BY: ADRIANA BARTON
The Globe and Mail
Published Sunday, May. 12 2013, 4:00 PM EDT
When a healthy-living program came to an Ontario school, a top student, age 14, decided he would ace fitness and nutrition, too.
The boy – we’ll call him Tim – signed up for every physical activity available at school, and logged hours a day on the stationary bike at home. After learning to read nutrition labels, he cut back on high-calorie foods, including cheese and meat.
Then one night he stuck his hand into boiling pasta to take out the butter his mother had added to the pot. Seven months after setting a goal at school to get fit, Tim was diagnosed with an eating disorder and weighed 95 pounds.
His preoccupation with food and exercise coincided with the school’s healthy-living initiative, which included rewards for packing a healthy lunch, said Leora Pinhas, a psychiatrist at the Hospital for Sick Children in Toronto.
Although Tim had perfectionist tendencies, she said, “I don’t think he would have had an eating disorder without this.”
Pinhas is the lead author of four case studies of children, including Tim, who developed eating disorders after participating in healthy-living programs in Ontario schools. Children develop eating disorders for a variety of reasons, Pinhas said, noting the difficulty in pinpointing a specific cause. Nevertheless, she said, the pervasive messages about healthy eating in today’s schools may be enough to push some children at risk for eating disorders over the edge.
Children are being taught to analyze nutrition labels, track their daily intake of various foods and categorize foods using labels such as “healthy” and “not recommended” – a euphemism for junk food that encourages black-and-white thinking, Pinhas said.
“To me, we’re teaching them all the techniques that someone with anorexia uses to lose weight.”
Studies of obesity-prevention programs in schools have not identified an increased risk for eating disorders. But Ed Tyson, an eating-disorders specialist in Austin, Tex., said eating- disorders clinics are “flooded” with patients whose unhealthy behaviours were triggered by school-based initiatives.
Obesity experts disagree, arguing that children suffered from eating disorders long before schools began to expand their healthy-living curricula about a decade ago.
Yoni Freedhoff, founder of Ottawa’s Bariatric Medical Institute, cited research showing that school-based health initiatives can lower child obesity rates, including a 2010 study published in the New England Journal of Medicine. At the end of a three-year study involving 42 schools, children who participated in an intervention program to reduce the risk of type 2 diabetes had 19-per-cent lower odds of being obese than did children in control schools.
To link eating disorders with healthy-living programs in schools, based on a few case studies, “I think is harmful and backward,” Freedhoff said.
Close to a third of Canadian children aged 5 to 17 are overweight or obese, according to Statistics Canada. But according to eating disorders specialists, children are more likely to die young because of eating disorders, which affect an estimated 18 per cent of adolescent girls.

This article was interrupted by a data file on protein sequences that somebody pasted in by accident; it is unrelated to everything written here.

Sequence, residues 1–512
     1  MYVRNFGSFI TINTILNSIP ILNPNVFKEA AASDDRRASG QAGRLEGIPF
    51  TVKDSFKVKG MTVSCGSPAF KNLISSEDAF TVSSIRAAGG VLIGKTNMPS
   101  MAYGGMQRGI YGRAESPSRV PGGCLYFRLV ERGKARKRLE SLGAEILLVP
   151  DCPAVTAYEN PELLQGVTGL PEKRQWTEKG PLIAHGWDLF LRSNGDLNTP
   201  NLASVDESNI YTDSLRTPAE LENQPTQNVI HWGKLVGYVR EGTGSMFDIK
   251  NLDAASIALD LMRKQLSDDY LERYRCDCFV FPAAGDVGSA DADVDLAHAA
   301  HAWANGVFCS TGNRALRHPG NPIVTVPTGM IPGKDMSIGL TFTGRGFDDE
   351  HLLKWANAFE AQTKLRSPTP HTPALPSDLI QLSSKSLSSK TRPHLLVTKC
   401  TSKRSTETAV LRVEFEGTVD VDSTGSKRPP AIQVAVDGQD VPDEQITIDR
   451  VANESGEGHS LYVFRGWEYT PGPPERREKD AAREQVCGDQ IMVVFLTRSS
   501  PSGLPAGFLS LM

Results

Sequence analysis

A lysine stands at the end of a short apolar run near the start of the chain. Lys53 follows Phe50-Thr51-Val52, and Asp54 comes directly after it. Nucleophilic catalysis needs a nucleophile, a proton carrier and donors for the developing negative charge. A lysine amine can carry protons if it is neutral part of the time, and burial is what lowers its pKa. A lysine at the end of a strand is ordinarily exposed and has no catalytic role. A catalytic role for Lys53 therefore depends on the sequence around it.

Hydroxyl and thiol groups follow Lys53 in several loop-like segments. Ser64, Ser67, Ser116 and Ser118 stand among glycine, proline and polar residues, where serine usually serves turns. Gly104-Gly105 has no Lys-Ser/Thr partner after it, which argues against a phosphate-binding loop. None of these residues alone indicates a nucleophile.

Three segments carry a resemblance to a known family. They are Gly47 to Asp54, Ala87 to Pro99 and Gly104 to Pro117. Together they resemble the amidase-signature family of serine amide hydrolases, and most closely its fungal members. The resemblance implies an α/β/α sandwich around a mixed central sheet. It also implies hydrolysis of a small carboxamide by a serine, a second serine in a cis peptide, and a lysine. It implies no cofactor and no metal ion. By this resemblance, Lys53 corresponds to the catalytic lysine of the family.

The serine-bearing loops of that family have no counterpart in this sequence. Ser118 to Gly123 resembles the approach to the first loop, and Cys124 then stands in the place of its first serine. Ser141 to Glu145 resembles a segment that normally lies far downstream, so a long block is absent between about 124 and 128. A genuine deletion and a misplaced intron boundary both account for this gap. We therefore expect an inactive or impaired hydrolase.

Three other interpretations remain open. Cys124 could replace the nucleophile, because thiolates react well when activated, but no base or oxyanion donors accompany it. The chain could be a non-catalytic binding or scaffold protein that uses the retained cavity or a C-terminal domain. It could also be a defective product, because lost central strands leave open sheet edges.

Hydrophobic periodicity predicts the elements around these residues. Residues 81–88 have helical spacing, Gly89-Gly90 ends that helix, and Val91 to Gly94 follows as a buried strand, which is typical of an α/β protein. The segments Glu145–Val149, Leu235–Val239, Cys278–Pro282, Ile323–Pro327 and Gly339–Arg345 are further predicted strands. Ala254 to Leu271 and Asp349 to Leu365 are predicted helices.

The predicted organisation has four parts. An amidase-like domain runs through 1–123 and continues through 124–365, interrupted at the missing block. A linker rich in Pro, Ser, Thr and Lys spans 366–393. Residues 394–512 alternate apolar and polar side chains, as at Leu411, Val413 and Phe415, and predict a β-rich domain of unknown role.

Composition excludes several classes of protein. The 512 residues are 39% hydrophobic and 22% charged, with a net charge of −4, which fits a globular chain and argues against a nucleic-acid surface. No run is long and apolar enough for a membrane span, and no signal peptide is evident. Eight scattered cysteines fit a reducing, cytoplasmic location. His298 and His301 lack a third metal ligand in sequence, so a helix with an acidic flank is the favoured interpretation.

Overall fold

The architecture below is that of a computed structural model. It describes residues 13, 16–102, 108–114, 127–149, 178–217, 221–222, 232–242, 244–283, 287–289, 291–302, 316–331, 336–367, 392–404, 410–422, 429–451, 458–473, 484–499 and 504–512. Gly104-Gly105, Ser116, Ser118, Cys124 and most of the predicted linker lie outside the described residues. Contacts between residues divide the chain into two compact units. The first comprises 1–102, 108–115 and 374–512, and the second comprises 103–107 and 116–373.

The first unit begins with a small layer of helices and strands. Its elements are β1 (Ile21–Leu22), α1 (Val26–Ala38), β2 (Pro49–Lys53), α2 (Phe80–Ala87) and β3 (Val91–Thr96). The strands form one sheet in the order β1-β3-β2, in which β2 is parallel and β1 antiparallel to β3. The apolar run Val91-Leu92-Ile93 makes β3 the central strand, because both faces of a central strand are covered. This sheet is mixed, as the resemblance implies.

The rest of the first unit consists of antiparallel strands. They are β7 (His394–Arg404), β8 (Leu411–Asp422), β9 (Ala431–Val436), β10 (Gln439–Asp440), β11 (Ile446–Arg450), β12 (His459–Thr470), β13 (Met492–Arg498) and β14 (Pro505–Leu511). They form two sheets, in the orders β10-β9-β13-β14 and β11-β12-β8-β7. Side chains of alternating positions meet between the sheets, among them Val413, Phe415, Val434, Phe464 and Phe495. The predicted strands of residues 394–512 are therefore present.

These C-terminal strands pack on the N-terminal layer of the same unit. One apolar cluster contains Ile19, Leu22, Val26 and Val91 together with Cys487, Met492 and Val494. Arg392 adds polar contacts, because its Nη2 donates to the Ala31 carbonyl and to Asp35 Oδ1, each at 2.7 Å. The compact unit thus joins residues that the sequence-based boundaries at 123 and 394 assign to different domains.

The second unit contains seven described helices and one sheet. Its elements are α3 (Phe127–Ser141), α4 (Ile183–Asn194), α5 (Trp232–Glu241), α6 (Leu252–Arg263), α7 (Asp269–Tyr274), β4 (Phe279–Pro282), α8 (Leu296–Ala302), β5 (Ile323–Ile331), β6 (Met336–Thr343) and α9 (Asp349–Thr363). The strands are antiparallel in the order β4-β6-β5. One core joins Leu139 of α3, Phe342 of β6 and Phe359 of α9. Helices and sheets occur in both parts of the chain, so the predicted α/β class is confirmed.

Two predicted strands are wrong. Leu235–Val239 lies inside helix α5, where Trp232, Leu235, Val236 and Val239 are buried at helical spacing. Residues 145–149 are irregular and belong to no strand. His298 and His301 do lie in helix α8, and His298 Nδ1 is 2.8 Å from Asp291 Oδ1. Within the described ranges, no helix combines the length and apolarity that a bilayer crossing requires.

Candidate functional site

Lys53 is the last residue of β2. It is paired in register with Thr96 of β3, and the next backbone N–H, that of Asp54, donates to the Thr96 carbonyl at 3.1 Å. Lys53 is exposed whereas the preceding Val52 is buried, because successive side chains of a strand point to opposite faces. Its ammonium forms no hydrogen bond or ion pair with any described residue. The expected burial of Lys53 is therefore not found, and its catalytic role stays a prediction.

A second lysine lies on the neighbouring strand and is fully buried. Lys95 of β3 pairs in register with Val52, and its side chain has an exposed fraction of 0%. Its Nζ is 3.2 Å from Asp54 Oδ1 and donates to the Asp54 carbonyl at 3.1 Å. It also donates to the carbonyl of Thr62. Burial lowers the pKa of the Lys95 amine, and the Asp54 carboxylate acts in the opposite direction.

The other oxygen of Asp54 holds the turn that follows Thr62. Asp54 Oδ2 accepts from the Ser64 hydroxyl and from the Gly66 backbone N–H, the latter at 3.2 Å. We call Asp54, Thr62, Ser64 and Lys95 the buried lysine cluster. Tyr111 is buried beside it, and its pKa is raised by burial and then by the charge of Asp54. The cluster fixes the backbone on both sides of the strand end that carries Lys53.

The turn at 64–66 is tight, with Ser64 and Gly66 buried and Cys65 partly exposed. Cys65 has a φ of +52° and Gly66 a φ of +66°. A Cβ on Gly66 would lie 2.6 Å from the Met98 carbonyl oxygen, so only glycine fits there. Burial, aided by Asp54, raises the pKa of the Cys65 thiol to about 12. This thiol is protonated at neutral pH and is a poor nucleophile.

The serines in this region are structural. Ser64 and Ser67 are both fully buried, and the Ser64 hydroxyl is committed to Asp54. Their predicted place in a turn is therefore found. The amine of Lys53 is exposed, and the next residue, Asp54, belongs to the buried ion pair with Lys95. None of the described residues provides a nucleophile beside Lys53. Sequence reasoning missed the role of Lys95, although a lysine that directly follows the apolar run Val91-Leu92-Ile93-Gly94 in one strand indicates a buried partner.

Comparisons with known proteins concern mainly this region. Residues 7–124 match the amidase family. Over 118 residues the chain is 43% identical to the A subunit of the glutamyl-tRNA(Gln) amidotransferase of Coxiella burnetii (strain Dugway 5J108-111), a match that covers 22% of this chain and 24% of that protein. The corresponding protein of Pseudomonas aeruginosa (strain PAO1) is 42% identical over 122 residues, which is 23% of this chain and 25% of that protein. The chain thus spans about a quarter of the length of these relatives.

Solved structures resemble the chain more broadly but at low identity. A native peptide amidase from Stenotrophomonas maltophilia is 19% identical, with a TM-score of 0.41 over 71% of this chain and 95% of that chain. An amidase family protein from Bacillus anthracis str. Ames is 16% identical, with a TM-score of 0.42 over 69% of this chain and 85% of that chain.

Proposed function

The lack of clear evidence about how to promote healthy habits without contributing to negative body image in impressionable kids has left schools treading on dangerous ground.
Ontario’s curriculum for Grades 1 to 8 includes teaching children to “set appropriate goals” for their eating patterns, while encouraging “sensitivity regarding weight and shape.”
But according to Pinhas, the curriculum is open to interpretation by school officials who may have their own food issues. She mentioned a patient whose granola bar was confiscated by a teacher because it contained chocolate chips. “I’ve heard numbers of examples where kids in gym class had public weigh-ins,” she added.
In British Columbia, lesson plans distributed by Action Schools! BC, a program adopted by the majority of B.C. schools, instruct kids to track aspects of their eating habits. Kids are taught to keep a diary of fruits and vegetables consumed, participate in a class competition based on fruit and vegetable intake, and track the number of sugary beverages they drink.
The activities sound wholesome. But according to Tyson, tracking, even of vegetables, can be “disastrous” for some kids. Competitive students may take the message “veggies are best” too far, he explained. “I’ve had patients who eat so many carrots, they turn orange.”
Any focus on numbers in relation to food “really tickles perfectionism” in children at risk for eating disorders, said Ovidio Bermudez, a spokesperson for the National Eating Disorders Association in the United States. He pointed to research from Toronto General Hospital showing a two-fold increased risk of eating disorders in children with Type 1 diabetes compared to their non-diabetic peers.
“One of the factors involved seems to be diabetes education,” he said, noting that children with Type 1 diabetes are taught from a young age to track the number of carbohydrates they consume.
Schools should not teach children to diet or count calories, Freedhoff said. But to omit the role that calories play in nutrition “is like teaching economics and spending without teaching about money – it doesn’t work that way,” he said.
As long as the focus is on healthy eating and exercise behaviours, and not on body image issues, the risk of eating disorders “is probably quite small,” said David Lau, an obesity researcher at the University of Calgary. Ultimately, he said, experts in obesity and eating disorders should work together on a “unified message to promote healthy habits for kids.”
In the meantime, children may be getting a mixed message at school: Get fit, track your food – but don’t obsess about it.